Monday, May 23rd, 2016


Follow the Money

In the Internet age, we've been empowered to work remotely. So it's more than a little ironic that this is an economic moment when location matters more than ever. To understand part of the attraction of Sanders and Trump and the wildly differing views on how the American economy is doing, you've got to follow the money. That means going to a handful of highly educated and innovative counties where a preponderance of venture-backed new businesses are concentrated. WaPo's Jim Tankersley on a very bad sign for all but America's biggest cities.

+ Eli Saslow: From belief to outrage: The decline of the middle class reaches the next American town.

+ While concentration of investment and wealth can be beneficial for the chosen counties, it can also force many longtime residents to find another place to live. From CityLab: Mapping the incredible spread of million-dollar homes across San Francisco.

+ Vox uses a cartoon chart to explain how the distribution of wealth has changed in America, and why.


The Deal Hunter

In Hanoi, President Obama announced that U.S. "is fully lifting a five-decades-long arms embargo against Vietnam." It looks like China's activities in the South China Sea pushed this deal to get done a lot sooner than most people expected.


Drone Strikes Again

"It was remarkable for its location and timing, as well as the public acknowledgment that accompanied it." The Atlantic's Kathy Gilsinan on the American drone strike that killed Taliban leader Mullah Akhtar Muhammad Mansour, and seemed to changed the rules of engagement once again.


Scored on a Curve

"Scores like this -- known as risk assessments -- are increasingly common in courtrooms across the nation. They are used to inform decisions about who can be set free at every stage of the criminal justice system, from assigning bond amounts ... to even more fundamental decisions about defendants' freedom. In Arizona, Colorado, Delaware, Kentucky, Louisiana, Oklahoma, Virginia, Washington and Wisconsin, the results of such assessments are given to judges during criminal sentencing." ProPublica: There's software used across the country to predict future criminals. And it's biased against blacks.

+ In what could be a significant opinion, the Supreme Court just voided a death sentence because of racial bias; "ruling that prosecutors intentionally skewed the process by striking out all prospective black jurors in an act of blatant racial discrimination."


Cheerio, Cheerios

Aaron E. Carroll looked at the studies and concluded that breakfast is not necessarily the most important meal of the day. From the NYT Upshot: Sorry, There's Nothing Magical About Breakfast. (My link is not necessarily an endorsement. As we all know, Lucky Charms are, in fact, magically delicious.)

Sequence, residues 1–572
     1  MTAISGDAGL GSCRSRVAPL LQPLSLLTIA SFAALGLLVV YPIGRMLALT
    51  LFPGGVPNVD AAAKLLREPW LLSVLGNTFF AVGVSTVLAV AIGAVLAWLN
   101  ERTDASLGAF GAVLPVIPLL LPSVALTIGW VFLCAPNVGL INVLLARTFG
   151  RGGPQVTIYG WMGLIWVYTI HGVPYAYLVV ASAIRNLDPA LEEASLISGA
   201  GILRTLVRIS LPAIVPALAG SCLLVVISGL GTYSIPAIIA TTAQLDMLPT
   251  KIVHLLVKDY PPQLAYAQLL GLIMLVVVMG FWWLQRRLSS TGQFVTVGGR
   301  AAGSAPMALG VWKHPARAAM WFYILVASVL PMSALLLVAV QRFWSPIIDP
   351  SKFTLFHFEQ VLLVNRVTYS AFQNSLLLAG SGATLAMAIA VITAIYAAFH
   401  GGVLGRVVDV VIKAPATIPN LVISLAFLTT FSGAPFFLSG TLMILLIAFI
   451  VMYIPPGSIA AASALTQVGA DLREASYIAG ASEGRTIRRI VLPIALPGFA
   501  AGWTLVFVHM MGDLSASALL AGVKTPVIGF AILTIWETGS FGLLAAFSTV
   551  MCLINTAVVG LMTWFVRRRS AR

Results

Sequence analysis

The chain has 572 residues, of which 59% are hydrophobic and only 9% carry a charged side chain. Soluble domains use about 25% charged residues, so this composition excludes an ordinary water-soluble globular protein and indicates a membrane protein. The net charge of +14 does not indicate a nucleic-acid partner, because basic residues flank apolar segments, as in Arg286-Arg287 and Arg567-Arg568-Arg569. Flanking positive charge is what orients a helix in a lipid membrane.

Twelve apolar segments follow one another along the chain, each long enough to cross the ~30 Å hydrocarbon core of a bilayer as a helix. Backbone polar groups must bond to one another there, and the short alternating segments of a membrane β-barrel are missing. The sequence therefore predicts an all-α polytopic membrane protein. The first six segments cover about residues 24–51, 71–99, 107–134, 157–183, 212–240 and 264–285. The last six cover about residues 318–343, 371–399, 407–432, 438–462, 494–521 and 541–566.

+ WSJ: Can You Carbo-Load Your Way to Good Health? "With highly processed flour giving way to freshly milled whole grains rich in nutrients as well as flavor, it might just be OK to love bread again." (OK, that link is an endorsement.)


Coach Wallet

"What's surprising is that the coach trainees aren't people who believe they're doing so well in life that they want to tell you how to live yours. Instead, they seem to be people who didn't know how to live and found a way to at least ascertain what they want out of life. This skill, this ascertainment, is what they want so badly to share." Bloomberg goes meta and introduces you to the life coach who trains life coaches. (Thanks but no thanks. I choose to fail on my own terms.)


I Got a Case of You, Babe

"It's like finishing each other's sentences, but it's your muscles and cells that are operating in sync." NPR explains how longtime couples get in sync, in sickness and in health. (For my wife's sake, I really hope that sitting on a couch with a box of popsicles, a prescription vape pen, and 123 open browser tabs is good for a couple's longevity.)


Art and Seoul

Seoul is one of the most wired cities in the world. But they're pretty good with a pencil and paper too. Did you know that some of your favorite animated series are hand-drawn in South Korea? "Korean animators can draw 240 pages for a single 20-second scene, and around 7,000 drawings per half-hour episode." That could all change (at least the hand-drawn part) in a new age of animation.


Roughage and Tumble

"Sarma Melngailis had it all: an Ivy League degree, model looks and a hot vegan restaurant, Pure Food and Wine in Gramercy, beloved by Alec Baldwin and Bill Clinton. Now, she's got a mug shot, a $350,000 bail." The NY Post on the downfall of NYC's hottest vegan.


Bottom of the News

If you live and grocery-shop in Northern California, this will seem like old news. For everyone else, Turmeric is the new hipster health drink ingredient.

+ Cold brew is getting more popular at cafes and in stores. So everyone is now coming out with a cold brew.

+ Fred Armisen returned to SNL and gave us this alternate ending to Dead Poet's Society. So good.

+ The NBA Western Division Finals could come down to a kick in the nuts.